ST. PAUL (AP) -- Marion Carpenter broke ground as one of the first female White House photographers. But she died alone and destitute.
The 82-year-old's body was found Oct. 29, on the couch where she had bundled herself tightly against the chill. She had lowered the thermostat to save money.
Carpenter died of natural causes. But almost a month later, the St. Paul Pioneer Press reported Sunday, her body is still stored by the Ramsey County medical examiner while friends and acquaintances -- most of whom met Carpenter at garage sales or thrift shops -- try to find a relative and plan a fitting service.
"She's been on ice for over three weeks," says Connie Marsh, a friend. "We can't really do anything until we get permission from the next of kin."
Carpenter was one of the first women in the White House News Photographers' Association (the group's Web site misspells her name as Maria). She was the only woman among a handful of photographers who traveled with the president and covered him daily.
She studied photography in St. Paul in the early 1940s, when she was in her early 20s. She went to Washington when she was about 24 and got a job with the Times-Herald before switching to the International News Photos syndicate and winning the White House job. Over the next five or six years, she became a favorite of President Truman.
"She sounds like the type of woman upon whose shoulders we all stand," said Susy Shultz, president of the Journalism and Women Symposium. "It's sad that we don't know about a Marion Carpenter. The women who came along in the '30s, '40s and '50s had it the hardest. They were the women breaking paths."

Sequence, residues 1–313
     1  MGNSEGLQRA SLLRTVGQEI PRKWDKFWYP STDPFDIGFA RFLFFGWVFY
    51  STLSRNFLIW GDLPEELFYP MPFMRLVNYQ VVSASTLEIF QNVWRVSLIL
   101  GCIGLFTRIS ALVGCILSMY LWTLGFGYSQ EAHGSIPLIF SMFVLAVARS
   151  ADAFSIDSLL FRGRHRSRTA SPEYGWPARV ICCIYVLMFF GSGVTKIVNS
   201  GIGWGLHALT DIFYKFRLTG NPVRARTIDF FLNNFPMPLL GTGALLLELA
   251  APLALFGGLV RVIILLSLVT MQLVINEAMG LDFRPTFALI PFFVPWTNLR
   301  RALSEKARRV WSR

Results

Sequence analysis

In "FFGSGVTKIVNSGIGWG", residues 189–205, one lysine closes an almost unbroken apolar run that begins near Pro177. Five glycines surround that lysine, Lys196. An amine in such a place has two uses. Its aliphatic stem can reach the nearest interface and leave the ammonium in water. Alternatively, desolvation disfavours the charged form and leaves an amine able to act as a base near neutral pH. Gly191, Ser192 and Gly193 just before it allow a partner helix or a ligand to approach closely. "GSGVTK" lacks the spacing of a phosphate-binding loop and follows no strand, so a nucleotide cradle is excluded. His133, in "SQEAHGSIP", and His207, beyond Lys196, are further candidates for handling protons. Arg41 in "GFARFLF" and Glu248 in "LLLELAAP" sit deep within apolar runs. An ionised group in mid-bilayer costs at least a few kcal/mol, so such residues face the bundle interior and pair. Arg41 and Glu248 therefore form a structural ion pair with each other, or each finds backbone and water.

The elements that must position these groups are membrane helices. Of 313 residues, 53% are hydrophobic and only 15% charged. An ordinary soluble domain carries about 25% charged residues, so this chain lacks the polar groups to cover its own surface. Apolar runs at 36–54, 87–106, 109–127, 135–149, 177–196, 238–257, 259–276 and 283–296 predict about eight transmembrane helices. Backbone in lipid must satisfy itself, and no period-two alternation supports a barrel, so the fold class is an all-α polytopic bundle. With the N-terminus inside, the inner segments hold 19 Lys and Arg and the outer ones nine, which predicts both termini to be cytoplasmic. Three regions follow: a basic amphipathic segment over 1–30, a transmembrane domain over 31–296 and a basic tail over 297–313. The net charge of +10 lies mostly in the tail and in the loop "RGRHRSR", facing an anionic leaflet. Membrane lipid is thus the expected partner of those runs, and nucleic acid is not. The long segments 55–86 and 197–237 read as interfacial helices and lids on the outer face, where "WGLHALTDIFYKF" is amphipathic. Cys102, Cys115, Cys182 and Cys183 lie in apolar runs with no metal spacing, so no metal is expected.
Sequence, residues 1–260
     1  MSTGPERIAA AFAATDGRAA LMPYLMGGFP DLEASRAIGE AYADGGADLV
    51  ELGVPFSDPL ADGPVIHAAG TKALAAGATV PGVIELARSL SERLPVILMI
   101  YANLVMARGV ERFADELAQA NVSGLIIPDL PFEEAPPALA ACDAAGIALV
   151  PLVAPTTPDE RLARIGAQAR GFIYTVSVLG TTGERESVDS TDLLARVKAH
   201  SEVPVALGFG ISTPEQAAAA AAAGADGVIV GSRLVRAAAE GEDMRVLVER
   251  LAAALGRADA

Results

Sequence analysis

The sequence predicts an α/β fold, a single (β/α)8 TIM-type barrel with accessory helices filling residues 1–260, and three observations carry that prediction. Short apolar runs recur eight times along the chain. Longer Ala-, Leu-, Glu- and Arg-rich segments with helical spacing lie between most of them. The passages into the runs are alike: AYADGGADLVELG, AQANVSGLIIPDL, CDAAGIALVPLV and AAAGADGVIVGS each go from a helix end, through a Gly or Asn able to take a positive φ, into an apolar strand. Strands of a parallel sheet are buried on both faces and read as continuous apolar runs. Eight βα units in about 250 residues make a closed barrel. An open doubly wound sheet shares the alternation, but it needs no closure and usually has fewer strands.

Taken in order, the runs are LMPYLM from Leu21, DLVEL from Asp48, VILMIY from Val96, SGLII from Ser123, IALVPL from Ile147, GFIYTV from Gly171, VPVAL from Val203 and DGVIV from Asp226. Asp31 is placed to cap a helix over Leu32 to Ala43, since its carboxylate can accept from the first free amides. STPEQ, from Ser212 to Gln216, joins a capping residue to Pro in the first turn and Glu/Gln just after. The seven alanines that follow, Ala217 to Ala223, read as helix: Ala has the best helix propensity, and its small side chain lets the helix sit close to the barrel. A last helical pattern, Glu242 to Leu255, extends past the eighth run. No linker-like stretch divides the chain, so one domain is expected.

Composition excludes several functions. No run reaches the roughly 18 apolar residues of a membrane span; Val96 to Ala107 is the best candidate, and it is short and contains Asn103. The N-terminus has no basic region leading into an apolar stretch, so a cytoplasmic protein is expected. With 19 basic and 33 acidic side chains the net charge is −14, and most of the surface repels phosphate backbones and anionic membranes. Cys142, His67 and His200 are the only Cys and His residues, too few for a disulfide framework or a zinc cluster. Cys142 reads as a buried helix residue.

Carpenter didn't take kindly to condescension from men. When columnist for the old Washington Times-Herald accused her in print of using her feminine charms to persuade politicians to pose, she got even by drenching him with a big bowl of navy bean soup and making sure another photographer was on hand to get the picture. The columnist was named Tris Coffin. One headline the next day was a natural: "CARPENTER NAILS COFFIN."
Even when she climbed a ladder to the top of the Capitol dome to take a picture from almost 300 feet up -- in a skirt -- newsmen found it hard to be nice. A front-page photo of her, high on the ladder, was captioned: "This picture ought to prove you never can tell what a woman photographer will do next."
How her life unraveled is a book with a lot of missing pages, the Pioneer Press said.
"This is a story and a half," said Beverly Allstopp of Burnsville. "But we've all just got pieces of a jigsaw puzzle. Marion was a very private person, and she kept a lot of things from everybody."
Allstopp met Carpenter at a thrift store. Carpenter loved to hang out there, sitting on used furniture.
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